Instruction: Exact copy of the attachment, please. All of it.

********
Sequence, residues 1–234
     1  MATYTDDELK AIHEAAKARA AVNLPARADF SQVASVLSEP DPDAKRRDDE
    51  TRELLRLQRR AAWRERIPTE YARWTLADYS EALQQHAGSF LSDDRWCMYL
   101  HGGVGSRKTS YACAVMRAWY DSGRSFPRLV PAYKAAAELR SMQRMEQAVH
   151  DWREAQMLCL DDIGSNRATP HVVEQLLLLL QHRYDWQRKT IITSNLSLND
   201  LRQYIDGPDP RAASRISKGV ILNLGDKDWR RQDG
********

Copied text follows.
Sequence, residues 1–234
     1  MATYTDDELK AIHEAAKARA AVNLPARADF SQVASVLSEP DPDAKRRDDE
    51  TRELLRLQRR AAWRERIPTE YARWTLADYS EALQQHAGSF LSDDRWCMYL
   101  HGGVGSRKTS YACAVMRAWY DSGRSFPRLV PAYKAAAELR SMQRMEQAVH
   151  DWREAQMLCL DDIGSNRATP HVVEQLLLLL QHRYDWQRKT IITSNLSLND
   201  LRQYIDGPDP RAASRISKGV ILNLGDKDWR RQDG